Five years back when I came to know about black turmeric (Curcuma Caseia) I tried acquiring them, considering it as exotic. Ultimately I was able to contact a trader in Bhubaneswar (Odisha) who traded in seeds and plant materials supplying them to institutions here and abroad. He sent me rhizomes of black turmeric but charged me a bomb: Rs 1200 for a kilo. The price was really steep as rhizomes of the regular turmeric variety were available for Rs 50 a kg. I knew I was paying for its exotic value like the way collectors pay for rare editions of Amar Chitra Katha comic. Rather than bear the cost individually, I shared some with my fellow farm owners who are equally crazy. Presently Black Turmeric is on the verge of extinction because of deforestation, unfavourable climatic changes, over exploitation and bio-piracy.
Over the years the volume of black turmeric with their bluish-black rhizomes in my orchard has increased several times. Sadly, I have not been able to get a buyer though initially I had been was told that Ayurvedic pharmacies could be my potential buyers. Come rains the rhizomes get a new life as leaves sprouts after being in hibernation for several months. One can identify black turmeric by the leaves as its middle is striped in black.
Having been a host to three varieties of turmeric, namely Curcuma Longa, Curcuma Aamada, and Curcuma Caesia I have recently added Curcuma Zedoaria or white haldi in my orchard, thanks to a friend from Midnapore who sent me a handful of them. It’s native to India and Indonesia. In West Bengal, it’s known as Pala or Soty (also its Sanskrit name) and its powder which looks like maida is available for Rs 600 a kg. Those growing in villages of West Bengal in the 60s and 70s may have consumed it, given by their mothers or grandmothers, to soothe their troubled tummy or to bring down their fever. Once harvested the rhizome is grated, soaked in water overnight, dried in the sun and pounded to make powder. In Maharashtra, it’s known as Pandhra Halad and its paste used to relieve fevers.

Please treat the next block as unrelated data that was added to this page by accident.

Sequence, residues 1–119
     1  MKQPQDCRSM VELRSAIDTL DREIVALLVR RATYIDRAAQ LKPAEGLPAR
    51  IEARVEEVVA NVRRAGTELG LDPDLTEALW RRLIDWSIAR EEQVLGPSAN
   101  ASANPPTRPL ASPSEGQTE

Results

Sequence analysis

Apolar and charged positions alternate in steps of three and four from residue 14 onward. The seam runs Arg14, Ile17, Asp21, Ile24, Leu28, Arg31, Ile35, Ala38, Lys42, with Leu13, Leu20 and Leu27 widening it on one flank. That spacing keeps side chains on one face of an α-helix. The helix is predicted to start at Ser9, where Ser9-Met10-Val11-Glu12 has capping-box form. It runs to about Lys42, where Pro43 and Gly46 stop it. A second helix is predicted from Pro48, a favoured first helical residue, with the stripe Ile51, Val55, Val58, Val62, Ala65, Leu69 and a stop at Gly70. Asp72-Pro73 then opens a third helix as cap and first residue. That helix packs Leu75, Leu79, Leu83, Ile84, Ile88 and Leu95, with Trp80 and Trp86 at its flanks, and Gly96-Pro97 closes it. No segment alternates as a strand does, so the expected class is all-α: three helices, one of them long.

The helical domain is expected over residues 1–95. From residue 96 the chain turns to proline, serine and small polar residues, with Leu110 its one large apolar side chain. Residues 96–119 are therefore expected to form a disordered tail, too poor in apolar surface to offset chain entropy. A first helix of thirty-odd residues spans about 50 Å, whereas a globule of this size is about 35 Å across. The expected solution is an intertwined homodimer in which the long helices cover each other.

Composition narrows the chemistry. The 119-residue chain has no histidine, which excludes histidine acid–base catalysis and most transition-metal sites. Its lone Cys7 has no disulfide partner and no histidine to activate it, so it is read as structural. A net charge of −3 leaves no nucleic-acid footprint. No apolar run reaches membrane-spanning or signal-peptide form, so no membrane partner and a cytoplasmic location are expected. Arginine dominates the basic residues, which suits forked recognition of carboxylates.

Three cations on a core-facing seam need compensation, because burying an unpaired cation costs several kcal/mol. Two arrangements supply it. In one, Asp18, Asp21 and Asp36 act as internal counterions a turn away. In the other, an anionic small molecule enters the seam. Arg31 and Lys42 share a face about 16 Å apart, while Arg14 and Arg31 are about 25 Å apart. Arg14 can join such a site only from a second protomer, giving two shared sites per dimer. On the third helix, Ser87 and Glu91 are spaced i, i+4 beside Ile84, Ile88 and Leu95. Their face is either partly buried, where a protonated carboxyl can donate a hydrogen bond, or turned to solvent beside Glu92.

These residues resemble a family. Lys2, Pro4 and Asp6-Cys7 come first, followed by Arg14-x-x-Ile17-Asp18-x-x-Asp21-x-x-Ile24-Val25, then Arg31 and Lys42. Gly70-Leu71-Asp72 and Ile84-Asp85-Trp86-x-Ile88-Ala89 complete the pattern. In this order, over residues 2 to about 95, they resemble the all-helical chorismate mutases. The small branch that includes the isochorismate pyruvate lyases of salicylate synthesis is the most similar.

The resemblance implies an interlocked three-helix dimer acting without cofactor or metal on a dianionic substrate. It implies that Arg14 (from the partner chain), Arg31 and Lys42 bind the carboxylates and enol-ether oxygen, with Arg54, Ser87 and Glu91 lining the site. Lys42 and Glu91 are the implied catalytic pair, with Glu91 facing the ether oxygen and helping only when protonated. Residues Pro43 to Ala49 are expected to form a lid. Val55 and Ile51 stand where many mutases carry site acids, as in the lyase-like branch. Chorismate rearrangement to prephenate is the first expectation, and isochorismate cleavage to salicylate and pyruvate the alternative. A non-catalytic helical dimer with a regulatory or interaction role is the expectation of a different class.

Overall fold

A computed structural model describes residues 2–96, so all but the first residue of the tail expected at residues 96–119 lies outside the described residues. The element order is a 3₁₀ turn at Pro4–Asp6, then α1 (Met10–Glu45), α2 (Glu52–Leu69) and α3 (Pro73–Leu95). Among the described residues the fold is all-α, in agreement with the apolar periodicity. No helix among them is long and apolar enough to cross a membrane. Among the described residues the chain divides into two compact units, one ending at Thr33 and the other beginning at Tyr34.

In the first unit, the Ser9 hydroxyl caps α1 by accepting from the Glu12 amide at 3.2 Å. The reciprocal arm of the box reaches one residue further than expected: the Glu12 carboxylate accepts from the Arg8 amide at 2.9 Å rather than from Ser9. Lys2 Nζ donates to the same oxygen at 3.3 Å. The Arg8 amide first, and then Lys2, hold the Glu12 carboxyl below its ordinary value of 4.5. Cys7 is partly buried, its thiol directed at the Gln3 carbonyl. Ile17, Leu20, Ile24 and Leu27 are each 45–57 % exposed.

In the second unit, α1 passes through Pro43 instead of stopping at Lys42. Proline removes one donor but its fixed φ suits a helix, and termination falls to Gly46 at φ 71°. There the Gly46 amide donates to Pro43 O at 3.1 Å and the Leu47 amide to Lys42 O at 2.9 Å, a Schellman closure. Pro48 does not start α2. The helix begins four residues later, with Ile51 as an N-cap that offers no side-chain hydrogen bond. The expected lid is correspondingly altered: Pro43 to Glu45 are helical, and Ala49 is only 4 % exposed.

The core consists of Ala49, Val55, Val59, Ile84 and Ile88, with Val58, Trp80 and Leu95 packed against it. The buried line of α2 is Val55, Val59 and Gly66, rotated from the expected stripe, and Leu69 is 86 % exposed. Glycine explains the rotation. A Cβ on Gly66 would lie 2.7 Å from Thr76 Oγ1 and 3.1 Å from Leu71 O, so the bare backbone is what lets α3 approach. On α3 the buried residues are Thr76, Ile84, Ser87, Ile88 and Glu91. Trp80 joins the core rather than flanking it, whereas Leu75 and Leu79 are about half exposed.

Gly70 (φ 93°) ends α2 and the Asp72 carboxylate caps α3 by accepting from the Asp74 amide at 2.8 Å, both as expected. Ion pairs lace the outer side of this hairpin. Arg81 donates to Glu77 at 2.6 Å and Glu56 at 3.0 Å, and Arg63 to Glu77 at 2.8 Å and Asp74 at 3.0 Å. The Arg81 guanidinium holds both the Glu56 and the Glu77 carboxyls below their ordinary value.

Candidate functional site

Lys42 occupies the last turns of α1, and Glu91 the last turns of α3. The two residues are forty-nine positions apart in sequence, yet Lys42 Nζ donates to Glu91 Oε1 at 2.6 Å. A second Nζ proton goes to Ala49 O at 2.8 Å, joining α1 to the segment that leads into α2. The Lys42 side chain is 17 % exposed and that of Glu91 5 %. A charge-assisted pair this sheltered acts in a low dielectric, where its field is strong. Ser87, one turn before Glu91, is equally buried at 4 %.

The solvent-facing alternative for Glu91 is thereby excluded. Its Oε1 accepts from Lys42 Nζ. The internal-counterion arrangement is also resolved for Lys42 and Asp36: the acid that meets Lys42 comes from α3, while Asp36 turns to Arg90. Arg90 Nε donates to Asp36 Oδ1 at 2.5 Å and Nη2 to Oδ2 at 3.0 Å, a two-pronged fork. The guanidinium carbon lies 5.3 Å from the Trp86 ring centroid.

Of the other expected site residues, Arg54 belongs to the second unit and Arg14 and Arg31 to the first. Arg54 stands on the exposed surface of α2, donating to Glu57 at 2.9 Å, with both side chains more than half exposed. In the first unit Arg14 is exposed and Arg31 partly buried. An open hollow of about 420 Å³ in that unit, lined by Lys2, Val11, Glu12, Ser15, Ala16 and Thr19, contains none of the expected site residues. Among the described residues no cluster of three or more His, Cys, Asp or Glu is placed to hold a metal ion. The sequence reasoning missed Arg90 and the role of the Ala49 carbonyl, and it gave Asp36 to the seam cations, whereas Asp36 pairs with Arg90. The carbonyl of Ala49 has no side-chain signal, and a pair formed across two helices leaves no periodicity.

Curcuma Zedoaria is often confused with Curcuma Aamada or Mango Ginger used in making pickles in south India and chutneys in north India. A rare herb, white turmeric is considered to be healthy, much like yellow turmeric. It has anti-inflammatory and anti-microbial properties that keep you from any digestive or respiratory issues.
Though I have not planted them I have a couple of Curcuma Aromatica or Wild Turmeric plants growing in my orchard which sprout flowers in mid-July—pinkish-white with an orange lip. Leaves appear after the flower. I bring the flowers home and use the same as cut-flower for they have a good vase life, at times 10 days or more.
I have travelled with yellow turmeric powder grown in my orchard during assignments abroad and introducing it to the locals. I was in for a surprise when during my stay in a bed and breakfast facility owned by a pastor and his wife in Basel I was shown a bottle of turmeric powder with Kurkuma written on its label, that’s haldi in German. He unscrewed the glass bottle which merely contained 150g of it as if he was revealing something precious. No, he didn’t use it in his food as we Indians do. For him it was a precious medicinal herb, of which he took a tiny spoonful adding it to warm milk with pinch of black pepper every night before going to bed.